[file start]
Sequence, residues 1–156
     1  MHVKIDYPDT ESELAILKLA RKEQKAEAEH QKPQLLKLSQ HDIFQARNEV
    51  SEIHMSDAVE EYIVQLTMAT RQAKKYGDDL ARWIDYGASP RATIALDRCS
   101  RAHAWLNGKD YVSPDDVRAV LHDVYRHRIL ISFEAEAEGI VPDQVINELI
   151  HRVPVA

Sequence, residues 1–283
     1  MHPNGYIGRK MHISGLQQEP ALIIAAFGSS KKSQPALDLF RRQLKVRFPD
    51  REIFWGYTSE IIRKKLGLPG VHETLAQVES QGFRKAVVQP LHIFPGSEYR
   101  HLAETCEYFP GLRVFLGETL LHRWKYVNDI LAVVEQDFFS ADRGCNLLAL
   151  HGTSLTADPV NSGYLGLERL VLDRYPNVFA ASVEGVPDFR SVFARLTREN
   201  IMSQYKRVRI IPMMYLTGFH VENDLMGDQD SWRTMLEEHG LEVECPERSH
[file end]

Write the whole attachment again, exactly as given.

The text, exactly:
Sequence, residues 1–156
     1  MHVKIDYPDT ESELAILKLA RKEQKAEAEH QKPQLLKLSQ HDIFQARNEV
    51  SEIHMSDAVE EYIVQLTMAT RQAKKYGDDL ARWIDYGASP RATIALDRCS
   101  RAHAWLNGKD YVSPDDVRAV LHDVYRHRIL ISFEAEAEGI VPDQVINELI
   151  HRVPVA

Sequence, residues 1–283
     1  MHPNGYIGRK MHISGLQQEP ALIIAAFGSS KKSQPALDLF RRQLKVRFPD
    51  REIFWGYTSE IIRKKLGLPG VHETLAQVES QGFRKAVVQP LHIFPGSEYR
   101  HLAETCEYFP GLRVFLGETL LHRWKYVNDI LAVVEQDFFS ADRGCNLLAL
   151  HGTSLTADPV NSGYLGLERL VLDRYPNVFA ASVEGVPDFR SVFARLTREN
   201  IMSQYKRVRI IPMMYLTGFH VENDLMGDQD SWRTMLEEHG LEVECPERSH